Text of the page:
Nearly 40 years ago now, I wrote, and BJU published, a brief monograph refuting the alleged biblical evidence that white people—specifically Anglo-Saxons—are God’s chosen people. After a brief shelf life, it went out of print, for the sole reason that hardly anybody bought it. (That’s kind of how publishing works. ?)
I wrote on the topic because I had a relative who espoused the view. But eventually I lost interest and moved on to other things. The recent talk about “white nationalism,” however, has gotten me thinking about the topic, and it has occurred to me that it’s worthwhile to address it again, both because of recent emphases in the news and because we can all see that racism lives on in the human heart.
I’m a fan of listening to people who know what they’re talking about—and its corollary, ignoring, or at least devaluing, the opinions of people who are just shooting their mouths off—of which the percentage seems to be growing every day. As one of my daughters commented just recently, “People who say stuff often don’t know stuff.”
Which means that I should stick to areas where I have expertise. So let’s start by defining some issues, so I can safely set aside those where I’m ignorant and should consequently keep my thoughts to myself.
The dominant term today, the one I’ve used to title this series, is “white nationalism.” That’s technically the view that whites should preserve majorities and control in one or more nations. Hence resistance to immigration (legal or illegal) by nonwhites. Usually aligned with that is the idea that white culture is superior to other cultures, and therefore white culture should be preferred as better for the future of the planet. That view we call “white supremacism,” which of course is just one form of racism. It’s a modern descendant of the American practice of slavery before the Civil War and segregation in the years that followed.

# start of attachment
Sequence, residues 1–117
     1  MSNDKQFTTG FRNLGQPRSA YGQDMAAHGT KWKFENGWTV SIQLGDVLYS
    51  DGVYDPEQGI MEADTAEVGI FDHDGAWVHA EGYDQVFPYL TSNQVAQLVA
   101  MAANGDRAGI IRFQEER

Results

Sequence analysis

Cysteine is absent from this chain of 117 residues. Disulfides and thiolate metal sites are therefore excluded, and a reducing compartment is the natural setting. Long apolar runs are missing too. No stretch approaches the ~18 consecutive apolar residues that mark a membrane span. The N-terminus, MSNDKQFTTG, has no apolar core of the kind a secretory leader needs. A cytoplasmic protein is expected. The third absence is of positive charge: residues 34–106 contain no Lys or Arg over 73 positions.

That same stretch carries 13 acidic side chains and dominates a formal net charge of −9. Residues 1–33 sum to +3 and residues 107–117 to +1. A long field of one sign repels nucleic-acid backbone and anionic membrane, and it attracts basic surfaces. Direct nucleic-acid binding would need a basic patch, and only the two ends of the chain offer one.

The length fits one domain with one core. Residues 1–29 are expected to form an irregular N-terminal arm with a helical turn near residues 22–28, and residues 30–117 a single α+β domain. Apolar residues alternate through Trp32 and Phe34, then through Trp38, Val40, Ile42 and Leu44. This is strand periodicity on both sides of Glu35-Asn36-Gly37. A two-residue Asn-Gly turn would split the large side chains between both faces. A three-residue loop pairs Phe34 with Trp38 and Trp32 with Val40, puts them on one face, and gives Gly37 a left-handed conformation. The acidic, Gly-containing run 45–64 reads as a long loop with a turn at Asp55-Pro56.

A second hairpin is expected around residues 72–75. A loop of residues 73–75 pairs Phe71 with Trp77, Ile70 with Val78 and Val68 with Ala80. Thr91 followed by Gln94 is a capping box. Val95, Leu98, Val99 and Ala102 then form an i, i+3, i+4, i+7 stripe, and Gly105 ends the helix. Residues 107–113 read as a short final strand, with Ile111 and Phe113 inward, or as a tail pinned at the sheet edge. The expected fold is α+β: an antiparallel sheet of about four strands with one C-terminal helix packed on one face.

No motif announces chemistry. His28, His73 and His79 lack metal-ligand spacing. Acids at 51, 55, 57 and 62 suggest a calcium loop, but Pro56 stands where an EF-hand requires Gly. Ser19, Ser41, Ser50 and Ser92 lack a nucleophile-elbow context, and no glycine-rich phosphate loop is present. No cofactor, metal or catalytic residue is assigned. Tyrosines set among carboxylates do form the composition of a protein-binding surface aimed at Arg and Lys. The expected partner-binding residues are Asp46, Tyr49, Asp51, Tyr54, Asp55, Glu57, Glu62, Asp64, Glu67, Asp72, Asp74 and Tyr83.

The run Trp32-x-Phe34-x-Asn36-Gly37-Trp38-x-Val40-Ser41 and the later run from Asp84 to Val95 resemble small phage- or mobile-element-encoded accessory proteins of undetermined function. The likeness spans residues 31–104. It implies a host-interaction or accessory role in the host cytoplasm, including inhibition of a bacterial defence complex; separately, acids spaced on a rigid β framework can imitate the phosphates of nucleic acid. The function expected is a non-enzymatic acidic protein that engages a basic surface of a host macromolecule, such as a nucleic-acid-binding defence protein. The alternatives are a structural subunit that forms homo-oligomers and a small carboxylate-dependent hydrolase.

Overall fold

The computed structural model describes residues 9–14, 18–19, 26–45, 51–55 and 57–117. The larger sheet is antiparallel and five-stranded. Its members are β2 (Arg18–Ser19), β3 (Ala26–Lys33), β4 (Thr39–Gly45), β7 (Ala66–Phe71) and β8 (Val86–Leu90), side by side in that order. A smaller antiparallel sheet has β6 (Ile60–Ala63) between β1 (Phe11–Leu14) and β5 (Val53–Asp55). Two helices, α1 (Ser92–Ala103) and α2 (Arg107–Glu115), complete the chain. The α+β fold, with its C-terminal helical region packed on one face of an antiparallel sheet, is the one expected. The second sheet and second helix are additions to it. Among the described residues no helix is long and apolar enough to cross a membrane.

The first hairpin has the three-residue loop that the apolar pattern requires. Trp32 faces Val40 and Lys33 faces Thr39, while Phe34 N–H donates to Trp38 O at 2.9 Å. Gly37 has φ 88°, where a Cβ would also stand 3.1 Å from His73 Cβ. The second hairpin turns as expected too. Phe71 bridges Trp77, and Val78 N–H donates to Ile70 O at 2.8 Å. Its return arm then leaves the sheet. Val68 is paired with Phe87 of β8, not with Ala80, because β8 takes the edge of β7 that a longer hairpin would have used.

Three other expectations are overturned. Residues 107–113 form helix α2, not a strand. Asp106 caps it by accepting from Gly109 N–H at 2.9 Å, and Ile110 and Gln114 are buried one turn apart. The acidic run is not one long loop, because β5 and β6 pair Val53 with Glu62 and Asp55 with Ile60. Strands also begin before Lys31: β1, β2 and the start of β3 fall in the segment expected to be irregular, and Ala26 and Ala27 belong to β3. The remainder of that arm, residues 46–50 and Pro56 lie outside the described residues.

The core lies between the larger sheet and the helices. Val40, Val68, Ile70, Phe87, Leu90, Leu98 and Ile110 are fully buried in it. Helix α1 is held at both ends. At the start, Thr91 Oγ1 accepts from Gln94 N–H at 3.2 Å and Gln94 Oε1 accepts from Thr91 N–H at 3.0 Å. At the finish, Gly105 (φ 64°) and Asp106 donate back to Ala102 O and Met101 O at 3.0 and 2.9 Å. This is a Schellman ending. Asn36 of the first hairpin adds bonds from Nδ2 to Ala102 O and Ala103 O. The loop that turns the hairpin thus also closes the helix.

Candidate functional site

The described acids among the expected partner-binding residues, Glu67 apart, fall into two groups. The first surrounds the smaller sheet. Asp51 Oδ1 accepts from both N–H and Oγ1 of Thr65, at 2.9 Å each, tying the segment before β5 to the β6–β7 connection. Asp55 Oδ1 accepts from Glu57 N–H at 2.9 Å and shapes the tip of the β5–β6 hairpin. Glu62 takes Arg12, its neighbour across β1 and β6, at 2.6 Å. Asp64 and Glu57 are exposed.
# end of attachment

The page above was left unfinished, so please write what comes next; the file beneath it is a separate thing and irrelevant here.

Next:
A quick side note: My experience leads me to believe that the primary reason for disdain of other cultures is unfamiliarity: you think a practice of some other culture is “stupid” because you don’t understand what’s going on behind the practice. I note that cross-cultural ignorance tends to be a particular feature of Americans because we have oceans—big ones—on both sides. Lots of Americans have never left their country, and I think this is the primary reason for the overseas stereotype of “the ugly American,” who thinks people are stupid because they don’t speak English—and who thinks that they’ll understand if he just speaks more slowly and loudly. All the “ugly American” does is proclaim his own ignorance to everyone around him. Travel more, people. And listen.
Back to my main point. Though a great many racists, including white supremacists, are secular in their thinking, some integrate religious arguments or themes into their position. It’s at this point that my ears perk up, because while I have no professional expertise in anthropology or sociology or psychology or politics, I do know something about religion, particularly Christianity, and I have some facility in tools for research and thinking in that area.
So I’d like to spend a few posts addressing some of the religious arguments for white racism, specifically the ones allegedly based in biblical exegesis. While these posts won’t apply to all “white nationalists,” I’d like to think that they might direct well-intentioned Christians away from distortions of the biblical material, mainly by demonstrating the perversion inherent in the alleged biblical interpretation.
The bulk of these posts will address the arguments of “British Israelism” or “Anglo-Israelism,” which teaches that the Anglo-Saxons are the “lost ten tribes of Israel.” A more recent popular form of British Israelism is the Christian Identity movement, which holds additionally that other white Europeans are descended from the biblical Southern Kingdom of Judah. While the former group would recognize modern Jews as descended from Judah and therefore included in God’s covenant with Abraham, the latter group holds that all modern Jews are impostors and so is aggressively antisemitic. I hope to say some things about that view as well.
See you next time.